We’ll resist moving minimum wage to concurrent list: NLC

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he Nigeria Labour Congress (NLC) says it will resist any House of Representatives’ attempts to move the national minimum wage to the Concurrent List.

The NLC President, Ayuba Wabba, gave the warning at the end of an emergency meeting of the congress’s National Executive Council (NEC) on Tuesday in Abuja.

Mr. Wabba said the NLC’s attention was drawn to a bill listed in the House of Representatives as HB 950.

He said the bill, sponsored by Garba Datti of Sabon Gari Federal Constituency, Kaduna, had passed the first and second reading in February.

He noted that the NEC considered Mr. Datti as only a hireling in the plot by his sponsors to disorient, injure, and exterminate Nigeria’s working class.

“Any attempt to move the National Minimum Wage from Exclusive Legislative List to Concurrent Legislative List will make Nigeria a laughing stock in the comity of nations.

“NEC resolved that if the National Assembly give credence to a bill seeking movement of the minimum wage from the Executive Legislative list to Concurrent Legislative list, workers may embark on strike,” he said.

He added that the major reason behind the call to move the minimum wage to the concurrent list was to enable states to negotiate and fix their minimum wage.

According to him, the national minimum wage was a global standard adopted by the International Labour Organisation (ILO) through Convention 26, which Nigeria ratified on June 16, 1961.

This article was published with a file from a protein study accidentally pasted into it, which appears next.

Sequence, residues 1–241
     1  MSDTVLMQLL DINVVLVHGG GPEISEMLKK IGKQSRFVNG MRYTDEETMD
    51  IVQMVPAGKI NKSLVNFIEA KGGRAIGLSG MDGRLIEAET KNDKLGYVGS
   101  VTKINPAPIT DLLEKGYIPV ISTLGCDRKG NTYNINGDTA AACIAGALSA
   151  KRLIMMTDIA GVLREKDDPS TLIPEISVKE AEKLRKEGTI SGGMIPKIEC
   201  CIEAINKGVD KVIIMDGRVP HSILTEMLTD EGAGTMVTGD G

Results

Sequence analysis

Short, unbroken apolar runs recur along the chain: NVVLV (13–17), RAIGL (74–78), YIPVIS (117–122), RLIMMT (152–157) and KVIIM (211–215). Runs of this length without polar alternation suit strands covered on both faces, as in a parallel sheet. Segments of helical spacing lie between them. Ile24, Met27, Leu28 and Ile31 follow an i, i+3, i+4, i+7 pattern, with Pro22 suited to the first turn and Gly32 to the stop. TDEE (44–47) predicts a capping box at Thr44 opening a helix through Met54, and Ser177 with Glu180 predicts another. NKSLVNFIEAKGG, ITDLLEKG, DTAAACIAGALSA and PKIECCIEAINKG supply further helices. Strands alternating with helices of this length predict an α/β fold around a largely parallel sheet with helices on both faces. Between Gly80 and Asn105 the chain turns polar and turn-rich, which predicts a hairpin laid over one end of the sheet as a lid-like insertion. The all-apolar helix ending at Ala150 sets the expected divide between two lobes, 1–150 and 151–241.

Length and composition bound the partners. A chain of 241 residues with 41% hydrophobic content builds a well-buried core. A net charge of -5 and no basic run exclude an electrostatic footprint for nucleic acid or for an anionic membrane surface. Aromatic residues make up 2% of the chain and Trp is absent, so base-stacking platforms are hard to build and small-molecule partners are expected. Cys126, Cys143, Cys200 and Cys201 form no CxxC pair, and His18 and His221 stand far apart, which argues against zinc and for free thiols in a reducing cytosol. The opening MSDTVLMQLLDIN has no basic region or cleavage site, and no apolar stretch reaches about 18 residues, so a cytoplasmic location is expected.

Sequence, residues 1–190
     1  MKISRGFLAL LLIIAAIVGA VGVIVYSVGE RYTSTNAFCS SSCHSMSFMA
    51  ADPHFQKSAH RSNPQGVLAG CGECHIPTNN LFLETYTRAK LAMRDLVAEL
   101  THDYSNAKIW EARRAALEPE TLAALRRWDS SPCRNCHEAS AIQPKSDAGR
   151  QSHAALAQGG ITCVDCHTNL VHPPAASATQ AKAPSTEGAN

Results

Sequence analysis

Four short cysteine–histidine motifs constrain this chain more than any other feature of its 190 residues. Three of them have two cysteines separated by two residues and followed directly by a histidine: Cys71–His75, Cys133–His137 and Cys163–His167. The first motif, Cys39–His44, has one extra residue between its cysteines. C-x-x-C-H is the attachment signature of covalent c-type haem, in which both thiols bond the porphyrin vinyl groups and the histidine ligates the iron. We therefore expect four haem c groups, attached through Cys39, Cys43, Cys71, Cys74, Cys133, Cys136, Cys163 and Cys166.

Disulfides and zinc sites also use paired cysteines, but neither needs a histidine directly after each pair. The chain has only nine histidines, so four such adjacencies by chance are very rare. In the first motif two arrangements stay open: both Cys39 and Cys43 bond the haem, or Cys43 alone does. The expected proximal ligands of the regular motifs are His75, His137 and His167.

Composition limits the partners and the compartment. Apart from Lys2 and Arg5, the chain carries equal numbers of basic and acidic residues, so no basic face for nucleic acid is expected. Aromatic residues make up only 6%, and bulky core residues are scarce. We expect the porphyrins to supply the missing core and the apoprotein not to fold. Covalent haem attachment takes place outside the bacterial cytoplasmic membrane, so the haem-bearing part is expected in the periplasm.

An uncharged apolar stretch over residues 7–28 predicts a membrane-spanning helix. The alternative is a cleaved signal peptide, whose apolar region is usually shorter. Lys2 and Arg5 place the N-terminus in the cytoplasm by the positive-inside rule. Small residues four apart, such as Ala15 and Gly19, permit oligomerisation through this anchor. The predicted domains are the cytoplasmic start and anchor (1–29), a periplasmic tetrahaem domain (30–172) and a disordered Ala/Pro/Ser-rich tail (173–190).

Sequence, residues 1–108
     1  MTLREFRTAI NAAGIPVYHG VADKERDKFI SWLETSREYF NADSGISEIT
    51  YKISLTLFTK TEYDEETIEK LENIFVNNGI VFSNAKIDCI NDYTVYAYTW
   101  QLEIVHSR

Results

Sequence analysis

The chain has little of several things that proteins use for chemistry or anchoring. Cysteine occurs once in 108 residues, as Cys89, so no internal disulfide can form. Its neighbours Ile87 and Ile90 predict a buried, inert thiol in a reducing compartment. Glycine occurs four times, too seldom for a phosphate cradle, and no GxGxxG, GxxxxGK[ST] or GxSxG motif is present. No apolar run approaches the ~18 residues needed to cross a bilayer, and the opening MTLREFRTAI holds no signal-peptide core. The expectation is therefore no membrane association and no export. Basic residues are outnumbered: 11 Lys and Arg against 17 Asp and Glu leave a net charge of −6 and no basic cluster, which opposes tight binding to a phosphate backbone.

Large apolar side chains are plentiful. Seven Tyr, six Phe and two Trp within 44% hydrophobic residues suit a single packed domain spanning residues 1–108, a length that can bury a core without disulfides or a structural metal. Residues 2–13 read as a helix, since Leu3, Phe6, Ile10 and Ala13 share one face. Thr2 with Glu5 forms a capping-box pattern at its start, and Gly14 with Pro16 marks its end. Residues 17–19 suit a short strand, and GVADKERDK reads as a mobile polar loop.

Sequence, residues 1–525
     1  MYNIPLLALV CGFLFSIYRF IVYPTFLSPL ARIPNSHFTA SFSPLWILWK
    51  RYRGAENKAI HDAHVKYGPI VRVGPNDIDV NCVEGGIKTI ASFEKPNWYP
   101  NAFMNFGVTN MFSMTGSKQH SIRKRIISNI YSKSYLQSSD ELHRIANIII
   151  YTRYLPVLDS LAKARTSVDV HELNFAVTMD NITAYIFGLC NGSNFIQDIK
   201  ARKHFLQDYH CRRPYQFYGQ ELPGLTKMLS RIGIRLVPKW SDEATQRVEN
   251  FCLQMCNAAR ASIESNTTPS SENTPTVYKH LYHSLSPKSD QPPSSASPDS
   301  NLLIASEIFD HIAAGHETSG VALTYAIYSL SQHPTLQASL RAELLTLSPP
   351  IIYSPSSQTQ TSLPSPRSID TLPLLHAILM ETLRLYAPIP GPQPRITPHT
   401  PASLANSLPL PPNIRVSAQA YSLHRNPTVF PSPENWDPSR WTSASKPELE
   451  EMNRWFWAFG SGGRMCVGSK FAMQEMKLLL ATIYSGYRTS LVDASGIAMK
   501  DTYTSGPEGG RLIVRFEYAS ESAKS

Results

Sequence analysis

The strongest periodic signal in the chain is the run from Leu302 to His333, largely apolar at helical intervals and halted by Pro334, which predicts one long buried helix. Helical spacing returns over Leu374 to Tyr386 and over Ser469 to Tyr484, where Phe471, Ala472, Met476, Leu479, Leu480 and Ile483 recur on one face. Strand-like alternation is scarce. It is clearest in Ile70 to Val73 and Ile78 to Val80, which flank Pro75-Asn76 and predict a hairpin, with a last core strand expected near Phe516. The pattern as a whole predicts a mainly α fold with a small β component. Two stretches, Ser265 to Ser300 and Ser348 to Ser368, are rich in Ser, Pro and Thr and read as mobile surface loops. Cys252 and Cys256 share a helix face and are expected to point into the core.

He, therefore, said Nigeria as a sovereign gave effect to the minimum wage by putting it in the Exclusive Legislative List.

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The NLC boss said President Muhammadu Buhari should not allow fifth columnists masquerading as politicians to derail his government by railroading the legislature into removing the national minimum wage from the exclusive to the concurrent list.

In its totality, Mr. Wabba said NLC rejected a bill with the number HB. 1062 sponsored by Abbas Tajudeen representing Zaria Federal Constituency of Kaduna State.

The bill, he said, was seeking a constitutional amendment to allow for the establishment of judicial councils for states.

“The NEC submitted that the passage of the bill would occasion a further exacerbation of the institutional crisis in our country, constitute an existential threat to our democratic experience and greatly imperil the corporate existence of Nigeria.

“The NEC also reasoned that given the heterogeneous nature of Nigeria in terms of culture, religion, and ethnicity, it would be difficult if not impossible to manage the fallout from the decentralisation of our judiciary,”

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